By Perry Green and Stephen D. Riley, Special to AFRO

Minnesota Timberwolves swingman Jimmy Butler is fed up and ready to go. The four-time NBA all-star has made his demands to be traded public since the start of the offseason. After failing to move the disgruntled Butler, he reportedly set off a series of curse bombs directed towards Minnesota’s upper brass during a practice last week. The NBA season starts in two days. Players get vilified quickly in pro sports and Butler’s climbing up the “angry black man” rankings that professional sports knowingly promotes. Is Butler right or wrong in his approach? Perry Green and Stephen D. Riley of the AFRO Sports Desk debate.

In this Feb. 11, 2018, file photo, Minnesota Timberwolves forward Jimmy Butler (23) watches in the third quarter of an NBA basketball game against the Sacramento Kings in Minneapolis. Butler isn’t the first NBA star to ask for a trade, nor will he be the last. But it’s far from guaranteed that even if he succeeds in forcing Minnesota into making a move he’ll wind up in a place he wants. (AP Photo/Andy Clayton-King, File)

Riley: Butler has a problem with the work ethic of his teammates and the direction the franchise is going in and he has a right to express his opinion. Teams overpay for talent in the NBA annually and considering Butler’s infamous past, I can sympathize with his frustration. Everybody’s worked at a job where lesser-dedicated coworkers get promoted to bigger roles over them. It sucks and that’s what Butler is going through. He’s surrounded by a bunch of prima donnas who haven’t put in the same work that he’s had to over the years and they’re making $100 million more than him. Of course he’s mad.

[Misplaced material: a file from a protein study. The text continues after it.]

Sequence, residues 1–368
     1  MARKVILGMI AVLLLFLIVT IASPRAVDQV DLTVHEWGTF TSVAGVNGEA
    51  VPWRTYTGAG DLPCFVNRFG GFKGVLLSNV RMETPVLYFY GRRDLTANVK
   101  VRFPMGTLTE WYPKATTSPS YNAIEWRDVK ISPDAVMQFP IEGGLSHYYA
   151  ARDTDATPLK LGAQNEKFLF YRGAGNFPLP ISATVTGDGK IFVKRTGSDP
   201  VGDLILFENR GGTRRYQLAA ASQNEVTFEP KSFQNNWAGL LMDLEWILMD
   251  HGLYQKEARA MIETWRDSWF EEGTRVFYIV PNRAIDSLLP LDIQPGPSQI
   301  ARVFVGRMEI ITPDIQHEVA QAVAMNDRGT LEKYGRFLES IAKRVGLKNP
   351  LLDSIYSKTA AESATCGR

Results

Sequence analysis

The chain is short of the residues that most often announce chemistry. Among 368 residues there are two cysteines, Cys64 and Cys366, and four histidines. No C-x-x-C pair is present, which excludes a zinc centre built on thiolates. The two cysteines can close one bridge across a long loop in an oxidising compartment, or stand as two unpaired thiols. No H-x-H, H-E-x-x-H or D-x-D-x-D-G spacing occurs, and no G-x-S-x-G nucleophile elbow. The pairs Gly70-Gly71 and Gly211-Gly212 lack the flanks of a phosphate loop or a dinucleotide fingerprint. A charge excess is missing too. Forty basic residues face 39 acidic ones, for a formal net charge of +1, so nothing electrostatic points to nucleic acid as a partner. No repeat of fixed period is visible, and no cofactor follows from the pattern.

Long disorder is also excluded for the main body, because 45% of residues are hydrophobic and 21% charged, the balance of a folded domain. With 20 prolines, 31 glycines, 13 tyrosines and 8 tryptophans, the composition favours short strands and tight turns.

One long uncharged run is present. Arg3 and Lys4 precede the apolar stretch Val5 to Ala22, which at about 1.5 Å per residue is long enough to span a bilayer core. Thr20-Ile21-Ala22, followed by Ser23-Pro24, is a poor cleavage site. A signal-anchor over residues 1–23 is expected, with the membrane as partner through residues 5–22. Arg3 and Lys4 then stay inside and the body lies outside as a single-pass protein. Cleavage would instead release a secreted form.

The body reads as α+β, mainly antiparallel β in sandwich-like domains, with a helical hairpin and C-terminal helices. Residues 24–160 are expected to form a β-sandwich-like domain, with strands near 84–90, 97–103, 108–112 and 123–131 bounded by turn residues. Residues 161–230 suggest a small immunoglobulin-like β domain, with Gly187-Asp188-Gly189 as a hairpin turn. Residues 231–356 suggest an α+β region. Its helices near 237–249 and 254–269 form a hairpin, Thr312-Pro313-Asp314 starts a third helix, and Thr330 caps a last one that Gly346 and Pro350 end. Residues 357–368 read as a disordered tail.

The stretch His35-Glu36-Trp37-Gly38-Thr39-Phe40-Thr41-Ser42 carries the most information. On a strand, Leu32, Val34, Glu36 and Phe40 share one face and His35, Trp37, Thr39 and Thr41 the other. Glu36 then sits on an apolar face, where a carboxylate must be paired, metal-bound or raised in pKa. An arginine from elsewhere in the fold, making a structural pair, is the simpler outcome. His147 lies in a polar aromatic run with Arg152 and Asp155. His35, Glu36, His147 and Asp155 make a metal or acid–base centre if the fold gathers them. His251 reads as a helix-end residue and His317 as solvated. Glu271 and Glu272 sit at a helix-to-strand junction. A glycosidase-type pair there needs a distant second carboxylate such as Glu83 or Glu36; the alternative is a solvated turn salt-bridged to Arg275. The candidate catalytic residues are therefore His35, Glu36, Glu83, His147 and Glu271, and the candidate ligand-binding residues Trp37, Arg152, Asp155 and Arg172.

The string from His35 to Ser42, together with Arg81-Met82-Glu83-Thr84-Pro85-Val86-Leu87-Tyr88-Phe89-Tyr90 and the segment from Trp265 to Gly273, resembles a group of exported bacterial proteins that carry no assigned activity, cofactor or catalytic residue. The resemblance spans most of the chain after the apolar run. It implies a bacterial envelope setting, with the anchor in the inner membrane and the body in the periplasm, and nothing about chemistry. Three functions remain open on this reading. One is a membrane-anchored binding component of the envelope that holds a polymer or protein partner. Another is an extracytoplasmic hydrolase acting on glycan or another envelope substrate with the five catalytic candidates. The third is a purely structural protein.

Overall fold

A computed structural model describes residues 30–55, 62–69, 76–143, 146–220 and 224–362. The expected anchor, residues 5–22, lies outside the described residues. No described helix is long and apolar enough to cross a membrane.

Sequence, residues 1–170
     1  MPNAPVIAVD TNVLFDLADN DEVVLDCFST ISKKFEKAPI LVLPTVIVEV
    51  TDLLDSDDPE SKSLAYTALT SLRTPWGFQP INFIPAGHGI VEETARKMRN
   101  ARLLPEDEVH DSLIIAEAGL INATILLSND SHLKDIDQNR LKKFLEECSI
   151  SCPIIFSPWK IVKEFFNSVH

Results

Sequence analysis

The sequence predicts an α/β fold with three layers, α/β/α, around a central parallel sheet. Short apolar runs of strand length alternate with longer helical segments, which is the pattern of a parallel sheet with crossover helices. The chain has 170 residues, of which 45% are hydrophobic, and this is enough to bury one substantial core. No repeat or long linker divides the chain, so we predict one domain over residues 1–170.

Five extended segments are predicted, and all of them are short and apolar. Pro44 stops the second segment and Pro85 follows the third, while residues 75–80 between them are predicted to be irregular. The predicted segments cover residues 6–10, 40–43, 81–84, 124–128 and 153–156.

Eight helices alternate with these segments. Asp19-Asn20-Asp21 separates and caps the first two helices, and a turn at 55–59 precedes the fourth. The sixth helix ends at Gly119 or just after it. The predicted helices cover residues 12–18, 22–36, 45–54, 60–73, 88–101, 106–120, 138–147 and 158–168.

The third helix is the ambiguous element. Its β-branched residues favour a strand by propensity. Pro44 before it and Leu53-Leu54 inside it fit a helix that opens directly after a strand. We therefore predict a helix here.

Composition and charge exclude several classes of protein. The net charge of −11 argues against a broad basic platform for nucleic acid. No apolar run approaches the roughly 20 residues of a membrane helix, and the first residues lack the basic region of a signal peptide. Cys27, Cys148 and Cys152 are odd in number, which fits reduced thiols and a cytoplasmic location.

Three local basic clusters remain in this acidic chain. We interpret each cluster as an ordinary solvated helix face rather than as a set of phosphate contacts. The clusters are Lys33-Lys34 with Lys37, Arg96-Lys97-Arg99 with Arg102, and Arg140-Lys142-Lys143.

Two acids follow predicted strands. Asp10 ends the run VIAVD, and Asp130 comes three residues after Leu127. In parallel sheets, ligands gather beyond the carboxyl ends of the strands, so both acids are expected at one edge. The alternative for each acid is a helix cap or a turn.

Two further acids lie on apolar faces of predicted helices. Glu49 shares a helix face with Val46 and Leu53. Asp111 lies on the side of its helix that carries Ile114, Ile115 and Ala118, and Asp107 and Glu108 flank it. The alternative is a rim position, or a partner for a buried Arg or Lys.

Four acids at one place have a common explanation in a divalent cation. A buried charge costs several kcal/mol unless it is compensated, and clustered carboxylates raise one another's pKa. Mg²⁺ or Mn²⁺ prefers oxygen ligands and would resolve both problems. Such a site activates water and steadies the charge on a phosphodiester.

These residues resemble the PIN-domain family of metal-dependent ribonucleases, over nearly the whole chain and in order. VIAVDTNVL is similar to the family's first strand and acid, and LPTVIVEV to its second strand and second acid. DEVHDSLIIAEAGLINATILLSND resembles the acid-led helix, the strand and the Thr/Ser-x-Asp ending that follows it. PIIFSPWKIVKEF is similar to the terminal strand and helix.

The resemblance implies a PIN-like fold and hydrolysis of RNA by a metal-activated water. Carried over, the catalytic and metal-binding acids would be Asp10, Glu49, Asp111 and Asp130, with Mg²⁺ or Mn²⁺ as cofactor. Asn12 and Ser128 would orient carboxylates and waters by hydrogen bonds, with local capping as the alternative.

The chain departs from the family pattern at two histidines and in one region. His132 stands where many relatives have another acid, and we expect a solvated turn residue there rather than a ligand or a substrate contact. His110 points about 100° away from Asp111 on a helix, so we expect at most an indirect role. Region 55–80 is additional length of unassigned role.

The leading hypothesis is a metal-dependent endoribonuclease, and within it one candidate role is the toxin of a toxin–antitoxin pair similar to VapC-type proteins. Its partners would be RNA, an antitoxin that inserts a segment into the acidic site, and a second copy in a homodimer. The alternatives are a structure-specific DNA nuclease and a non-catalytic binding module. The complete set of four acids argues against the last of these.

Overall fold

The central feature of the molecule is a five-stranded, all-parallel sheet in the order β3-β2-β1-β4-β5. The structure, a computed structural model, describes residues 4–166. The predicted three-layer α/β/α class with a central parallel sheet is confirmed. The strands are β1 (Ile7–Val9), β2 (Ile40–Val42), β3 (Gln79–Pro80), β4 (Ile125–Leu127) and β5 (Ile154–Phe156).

Green: That’s infantile. Throwing a fit over money is so 20 years ago. Everybody’s making generational wealth in the NBA nowadays no matter how good or bad you are. Now, if you’re telling me that Butler is upset that his teammates aren’t working hard enough to win a title then I can understand his frustration but it just sounds like Butler is ready to go and hates being in Minnesota. If those are the hard facts then he’s going about things all the way wrong. He’ll get himself traded but ups the pressure on his own self for no reason. It’s not about his teammates or winning a title, it’s about getting out of Minnesota.

Riley: Being in Minnesota comes with underachieving teammates, drill sergeant coaches and playing third fiddle when you’re really the best player on the team. It’s more to getting out of Minnesota than just trying to avoid the cold weather. The Timberwolves have been traditionally one of the worst-run franchises since they came into the NBA and Butler’s one year sentence there was enough. He should be encouraged to talk trash to coaches, presidents and general managers alike if the team wants to get better. Upper management gets off the hook way too easy in most franchises and it’s refreshing to me personally when players hold the right people accountable.

Green: There are more clever ways to execute a move than destroying your own image. Making out loud trade demands and disrespecting your employer kill your brand and while Butler might be comfortable with that, outlawing your own self typically gets you traded to a crappy franchise or hesitation on competing teams to sign you. You get blackballed in sports easily and Butler’s setting himself up to fall into that.

Perry Green and Stephen D. Riley

AFRO Sports Desk